Lithuania has printed out a 75-page guide to be issued to its citizens in preparation for a potential incursion from the east. The pamphlet promises to turn an ordinary resident into a novice guerilla fighter.
“It is important that civilians have the will the resist, this will make it more difficult for the aggressor country to feel comfortable,” states the manual.
Some 30,000 copies of the survival booklet have been printed, which specifically details a potential invasion from Russia – starting from infiltration of the media, and agitation of the sympathetic populace, onto hybrid warfare, and finally, a full-scale invasion.
©Lithuanian Defense Ministry
©Lithuanian Defense Ministry
The manual really comes into its own at that point, teaching the reader to identify their T-90 tanks from BMD-4 amphibious infantry carriers and listing dozens of different guns, mines and shells in use within the Russian army.
© Lithuanian Defense Ministry
Presuming that Lithuania’s conventional force has been overwhelmed, the manual tells ordinary citizens how to become guerilla fighters. Instructions range from the fairly basic – how to dress like a guerilla in cold weather, balaclava included – to the more advanced, telling how to use the sun to tell time, and what household materials are needed for a homemade battery.
After a list of medical instructions, there is a printout of items a Lithuanian may need if hiding in the forest, including energy bars, wet wipes and condoms.
While the guide can be amusing in its earnestness to prepare for a war that remains unlikely, the cumulative effect of reading through it is increasingly depressing, as the authors detail the what first aid has to be given to someone with a pelvic injury, or how to avoid dying of dehydration after the sleepy Baltic state takes a decidedly apocalyptic turn.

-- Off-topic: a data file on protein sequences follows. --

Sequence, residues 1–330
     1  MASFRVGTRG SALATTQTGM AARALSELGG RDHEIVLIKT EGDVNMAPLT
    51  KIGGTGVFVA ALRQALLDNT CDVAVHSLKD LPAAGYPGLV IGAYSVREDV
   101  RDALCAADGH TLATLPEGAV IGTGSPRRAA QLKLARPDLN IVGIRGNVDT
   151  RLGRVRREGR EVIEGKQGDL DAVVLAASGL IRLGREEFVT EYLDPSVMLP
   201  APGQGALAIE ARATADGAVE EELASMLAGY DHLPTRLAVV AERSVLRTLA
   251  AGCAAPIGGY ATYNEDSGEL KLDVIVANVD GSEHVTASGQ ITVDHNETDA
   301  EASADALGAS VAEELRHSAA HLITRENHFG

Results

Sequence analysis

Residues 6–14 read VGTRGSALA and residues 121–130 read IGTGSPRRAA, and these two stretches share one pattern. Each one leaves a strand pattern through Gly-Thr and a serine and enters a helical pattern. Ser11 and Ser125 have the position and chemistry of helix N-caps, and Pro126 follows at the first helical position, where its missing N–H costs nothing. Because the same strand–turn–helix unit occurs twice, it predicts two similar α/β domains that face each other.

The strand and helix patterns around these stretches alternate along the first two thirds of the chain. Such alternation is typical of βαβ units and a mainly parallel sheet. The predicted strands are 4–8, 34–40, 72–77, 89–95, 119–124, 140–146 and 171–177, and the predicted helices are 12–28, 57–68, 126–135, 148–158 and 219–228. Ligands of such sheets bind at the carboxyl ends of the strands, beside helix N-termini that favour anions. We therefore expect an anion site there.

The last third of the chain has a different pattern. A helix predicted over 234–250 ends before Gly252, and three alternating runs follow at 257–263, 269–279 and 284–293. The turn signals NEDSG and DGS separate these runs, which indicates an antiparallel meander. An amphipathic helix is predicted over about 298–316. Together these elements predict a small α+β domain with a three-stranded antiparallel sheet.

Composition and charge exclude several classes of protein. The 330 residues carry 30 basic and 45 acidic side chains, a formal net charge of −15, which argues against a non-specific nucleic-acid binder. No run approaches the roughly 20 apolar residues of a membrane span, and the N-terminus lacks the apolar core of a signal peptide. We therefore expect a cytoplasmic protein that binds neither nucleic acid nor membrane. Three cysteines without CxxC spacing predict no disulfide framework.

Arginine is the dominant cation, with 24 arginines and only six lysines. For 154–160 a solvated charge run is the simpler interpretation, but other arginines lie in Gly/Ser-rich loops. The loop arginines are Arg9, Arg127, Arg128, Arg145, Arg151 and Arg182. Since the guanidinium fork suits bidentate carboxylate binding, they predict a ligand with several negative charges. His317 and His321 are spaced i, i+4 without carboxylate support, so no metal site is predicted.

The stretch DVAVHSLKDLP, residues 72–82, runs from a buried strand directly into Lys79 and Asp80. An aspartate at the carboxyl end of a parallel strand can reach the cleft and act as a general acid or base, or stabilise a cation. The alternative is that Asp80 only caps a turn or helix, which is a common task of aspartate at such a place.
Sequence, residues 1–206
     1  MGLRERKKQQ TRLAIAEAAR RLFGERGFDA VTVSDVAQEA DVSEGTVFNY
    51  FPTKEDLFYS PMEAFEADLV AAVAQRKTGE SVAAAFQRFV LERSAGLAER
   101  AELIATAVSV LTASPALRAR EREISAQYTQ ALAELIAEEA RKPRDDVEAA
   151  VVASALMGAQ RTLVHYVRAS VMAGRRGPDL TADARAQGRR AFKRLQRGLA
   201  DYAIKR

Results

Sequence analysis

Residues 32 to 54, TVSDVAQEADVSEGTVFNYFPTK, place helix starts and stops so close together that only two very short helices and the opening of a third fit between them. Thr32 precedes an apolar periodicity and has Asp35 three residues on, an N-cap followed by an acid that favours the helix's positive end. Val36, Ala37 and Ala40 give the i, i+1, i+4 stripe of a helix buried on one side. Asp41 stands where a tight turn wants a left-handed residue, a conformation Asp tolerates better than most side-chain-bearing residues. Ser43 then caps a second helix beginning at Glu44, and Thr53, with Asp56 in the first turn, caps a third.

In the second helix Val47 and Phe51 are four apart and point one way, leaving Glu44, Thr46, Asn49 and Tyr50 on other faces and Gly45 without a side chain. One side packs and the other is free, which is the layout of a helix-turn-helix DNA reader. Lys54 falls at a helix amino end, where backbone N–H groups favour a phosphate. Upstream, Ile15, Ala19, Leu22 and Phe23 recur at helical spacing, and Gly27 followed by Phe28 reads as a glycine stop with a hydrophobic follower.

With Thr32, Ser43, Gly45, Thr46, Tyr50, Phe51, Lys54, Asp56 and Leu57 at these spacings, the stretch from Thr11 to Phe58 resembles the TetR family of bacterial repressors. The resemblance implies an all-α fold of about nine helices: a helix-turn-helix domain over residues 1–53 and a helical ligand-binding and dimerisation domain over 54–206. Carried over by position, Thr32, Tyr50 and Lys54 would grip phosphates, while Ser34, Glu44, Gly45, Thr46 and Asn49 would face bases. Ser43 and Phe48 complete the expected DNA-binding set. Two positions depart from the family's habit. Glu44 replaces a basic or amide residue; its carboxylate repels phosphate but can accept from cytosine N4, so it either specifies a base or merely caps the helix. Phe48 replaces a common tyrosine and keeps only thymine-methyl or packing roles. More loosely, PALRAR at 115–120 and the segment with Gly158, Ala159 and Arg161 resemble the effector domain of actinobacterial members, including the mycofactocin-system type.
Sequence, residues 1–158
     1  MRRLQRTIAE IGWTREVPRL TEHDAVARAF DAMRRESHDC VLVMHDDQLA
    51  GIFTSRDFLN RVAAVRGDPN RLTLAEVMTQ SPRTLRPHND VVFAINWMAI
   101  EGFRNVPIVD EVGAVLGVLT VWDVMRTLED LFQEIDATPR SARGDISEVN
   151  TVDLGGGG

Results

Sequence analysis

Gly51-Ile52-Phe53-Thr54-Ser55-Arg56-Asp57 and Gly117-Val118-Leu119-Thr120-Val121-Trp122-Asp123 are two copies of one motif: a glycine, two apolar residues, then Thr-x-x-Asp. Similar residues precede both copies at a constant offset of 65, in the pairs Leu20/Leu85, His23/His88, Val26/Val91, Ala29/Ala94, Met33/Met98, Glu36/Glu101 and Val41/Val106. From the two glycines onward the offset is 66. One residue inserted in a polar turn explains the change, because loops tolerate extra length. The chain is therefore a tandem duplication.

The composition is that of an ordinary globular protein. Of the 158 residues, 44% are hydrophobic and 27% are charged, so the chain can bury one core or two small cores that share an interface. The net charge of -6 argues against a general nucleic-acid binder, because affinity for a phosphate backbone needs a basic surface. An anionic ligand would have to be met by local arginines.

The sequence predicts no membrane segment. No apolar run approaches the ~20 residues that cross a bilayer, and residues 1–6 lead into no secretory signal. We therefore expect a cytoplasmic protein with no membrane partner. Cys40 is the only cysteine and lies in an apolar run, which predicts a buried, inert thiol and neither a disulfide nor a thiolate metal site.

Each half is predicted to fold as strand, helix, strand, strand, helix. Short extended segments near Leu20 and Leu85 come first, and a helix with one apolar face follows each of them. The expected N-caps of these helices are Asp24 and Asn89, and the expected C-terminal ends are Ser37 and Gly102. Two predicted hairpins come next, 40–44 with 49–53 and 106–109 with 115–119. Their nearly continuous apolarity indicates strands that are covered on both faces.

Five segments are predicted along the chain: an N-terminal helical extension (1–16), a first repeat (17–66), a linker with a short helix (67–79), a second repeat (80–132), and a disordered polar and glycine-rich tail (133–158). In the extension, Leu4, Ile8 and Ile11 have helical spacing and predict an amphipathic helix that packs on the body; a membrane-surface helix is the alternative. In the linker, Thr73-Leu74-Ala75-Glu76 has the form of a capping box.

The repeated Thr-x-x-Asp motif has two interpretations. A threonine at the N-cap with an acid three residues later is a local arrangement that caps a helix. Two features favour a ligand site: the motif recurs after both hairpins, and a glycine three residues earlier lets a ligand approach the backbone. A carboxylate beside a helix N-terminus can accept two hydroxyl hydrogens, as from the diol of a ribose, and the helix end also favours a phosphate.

This is the third such brochure published in the country since the outbreak of fighting in eastern Ukraine in 2014, and Defense Minister Juozas Olekas said that guide was published not only for the benefit of the country’s 3 million citizens, but “to show that anyone who decides to cross into our borders will encounter resistance.”
The Soviet Union’s incorporation of the Baltics into its territory in 1940 has been dubbed by Lithuanian leadership an “illegal annexation” following the collapse of the USSR.
Lithuania and its neighbors Latvia and Estonia joined NATO in March 2004, and have been loud in calling for additional protection from the alliance. The bulk of NATO’s new 5,000-strong Eastern European force will be based in the Baltics. A force of 600 infantrymen and a battalion of modern Leopard 2 tanks have been dispatched to Russia’s borders just this week.
A recent report from the US-based Rand Corporation said that should a conflict actually erupt, it would still take Russia no more than 60 hours to overwhelm the three Baltic states.